60% of the women in the tech industry are sexually harassed, a recent survey titled “Elephant in the Valley” has revealed.
The study was conducted by a team of experts led by Michele Madansky, former vice-president at Yahoo’s Customer Insights, and Trae Vassallo, a former partner at Silicon Valley-based venture capital firm Kleiner Perkins Caufield Byer.
The analysis involved a group of 222 female employees who had been working for Silicon Valley high-tech businesses for the last 10 years or more. Around three-quarters of the subjects were aged 40 or upwards, and a similar percentage held senior management jobs within the company, serving as vice-presidents, chief executive officers etc.
Researchers discovered that starting from the early stages of recruitment and selection process, the participants had been faced with widespread sexism exhibited by human resource managers.
More precisely, three quarters of the subjects revealed that, during the interview, they had received an inordinate amount of questions related to their personal life, focusing mostly on marital status and number of offspring.
Soon after joining the company payroll, most of them realized that they were hardly ever taken seriously and recognized for their know-how and qualifications.
Namely, 88% had to deal with instances when their advice and support were shunned, with co-workers and business partners turning to male staff instead.
Trying to assert themselves more, and to show their mettle by becoming more actively involved at the workplace proved in vain also, actually causing more harm than good.
As many as 84% of the respondents had been criticized by colleagues and superiors for their overly self-assured and decisive personality, which was deemed as “aggressive” or excessively ambitious.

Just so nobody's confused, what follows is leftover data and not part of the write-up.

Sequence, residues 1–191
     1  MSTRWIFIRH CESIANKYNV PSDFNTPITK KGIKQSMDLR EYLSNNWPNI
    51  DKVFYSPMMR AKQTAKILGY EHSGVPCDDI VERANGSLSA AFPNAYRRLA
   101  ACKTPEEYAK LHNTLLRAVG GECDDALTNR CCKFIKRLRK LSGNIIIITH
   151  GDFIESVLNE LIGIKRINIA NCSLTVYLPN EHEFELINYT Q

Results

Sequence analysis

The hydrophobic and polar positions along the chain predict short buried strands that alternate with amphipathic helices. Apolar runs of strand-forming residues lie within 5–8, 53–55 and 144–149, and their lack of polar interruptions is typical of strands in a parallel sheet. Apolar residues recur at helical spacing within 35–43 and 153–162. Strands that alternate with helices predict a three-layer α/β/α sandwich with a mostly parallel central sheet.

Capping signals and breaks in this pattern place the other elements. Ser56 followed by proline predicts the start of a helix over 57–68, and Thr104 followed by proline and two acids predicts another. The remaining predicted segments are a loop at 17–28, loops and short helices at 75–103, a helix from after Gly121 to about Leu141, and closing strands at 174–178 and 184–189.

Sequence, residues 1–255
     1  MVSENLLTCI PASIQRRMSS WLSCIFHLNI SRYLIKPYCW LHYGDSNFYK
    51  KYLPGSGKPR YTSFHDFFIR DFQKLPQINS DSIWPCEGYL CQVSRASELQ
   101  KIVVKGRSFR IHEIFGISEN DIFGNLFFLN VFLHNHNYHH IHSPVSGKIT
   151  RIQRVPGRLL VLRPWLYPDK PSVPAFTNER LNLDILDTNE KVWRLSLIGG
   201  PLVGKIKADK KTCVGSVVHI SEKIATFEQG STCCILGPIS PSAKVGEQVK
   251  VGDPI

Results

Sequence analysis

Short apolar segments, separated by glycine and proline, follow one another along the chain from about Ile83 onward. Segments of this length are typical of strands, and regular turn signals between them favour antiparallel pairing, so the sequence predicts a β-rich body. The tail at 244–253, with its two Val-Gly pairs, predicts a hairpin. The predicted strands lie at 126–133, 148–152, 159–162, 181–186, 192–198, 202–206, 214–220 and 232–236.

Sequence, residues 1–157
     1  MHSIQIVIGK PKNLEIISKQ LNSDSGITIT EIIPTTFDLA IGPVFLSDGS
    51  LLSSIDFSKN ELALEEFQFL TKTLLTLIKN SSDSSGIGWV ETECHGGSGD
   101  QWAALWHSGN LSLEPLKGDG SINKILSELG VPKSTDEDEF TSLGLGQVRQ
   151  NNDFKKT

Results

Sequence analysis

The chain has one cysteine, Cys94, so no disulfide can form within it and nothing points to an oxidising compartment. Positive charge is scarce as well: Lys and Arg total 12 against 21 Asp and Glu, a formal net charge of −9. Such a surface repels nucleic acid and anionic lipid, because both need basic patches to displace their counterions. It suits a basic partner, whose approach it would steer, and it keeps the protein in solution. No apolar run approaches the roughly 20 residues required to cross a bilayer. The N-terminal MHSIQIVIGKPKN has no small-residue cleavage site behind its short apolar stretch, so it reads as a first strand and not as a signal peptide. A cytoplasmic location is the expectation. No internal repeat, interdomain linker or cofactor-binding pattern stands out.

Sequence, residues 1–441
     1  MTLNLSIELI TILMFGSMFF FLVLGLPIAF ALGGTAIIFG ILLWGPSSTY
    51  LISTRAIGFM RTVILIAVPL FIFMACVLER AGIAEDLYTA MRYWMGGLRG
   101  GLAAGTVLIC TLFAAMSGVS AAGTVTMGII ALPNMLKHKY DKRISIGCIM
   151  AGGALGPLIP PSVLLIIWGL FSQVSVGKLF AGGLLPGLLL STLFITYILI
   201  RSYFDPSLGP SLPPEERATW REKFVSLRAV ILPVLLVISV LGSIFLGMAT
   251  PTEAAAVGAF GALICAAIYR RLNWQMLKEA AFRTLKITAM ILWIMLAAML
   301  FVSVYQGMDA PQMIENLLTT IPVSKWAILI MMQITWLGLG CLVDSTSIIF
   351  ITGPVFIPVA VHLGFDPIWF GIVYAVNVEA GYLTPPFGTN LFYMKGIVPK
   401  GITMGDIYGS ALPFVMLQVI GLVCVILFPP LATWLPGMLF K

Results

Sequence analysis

Moreover, women working for Silicon Valley tech firms experienced difficulty expanding their number of business connections, or becoming accepted as valuable team players within their organization.
Specifically, around two-thirds of them recounted that at least on one occasion they had been denied participation to various networking events or social outings, as a direct consequence of being female.
The only thing that appeared to spark the interest of their peers and bosses was the subjects’ physical appeal, remarks and compliments related to their appearance being much more frequent than those praising their work ethic, expertise or creativity.
Around 3 out of 5 of the participants were sexually harassed, being touched inappropriately, receiving uncomfortable compliments or being persistently invited to dinner by other members of their organization.
In around two thirds of these instances, attempts at seduction and sexual coercion had been made by men holding higher positions within the company.
Despite all these distressing occurrences, almost 4 out of 10 of those who had become victims of workplace sexual harassment had abstained from making their distressing experience public, believing that such an initiative would fall on deaf ears or lead to their own dismissal instead.
The other 60% had reacted more vehemently against unwelcome sexual advances from their peers and bosses, calling attention to the torment they had been subjected to.
However, such a decision proved to be the right one among just 4 out of 10 of these female whistleblowers, the rest of them being unhappy with the outcome of their attempt to expose these cases of sexual misconduct.
The findings, while not at all surprising, help shed more light into the challenges experienced by women when trying to be valued for their brains and not for their looks, in a notoriously male-dominated industry such as the technology sector.
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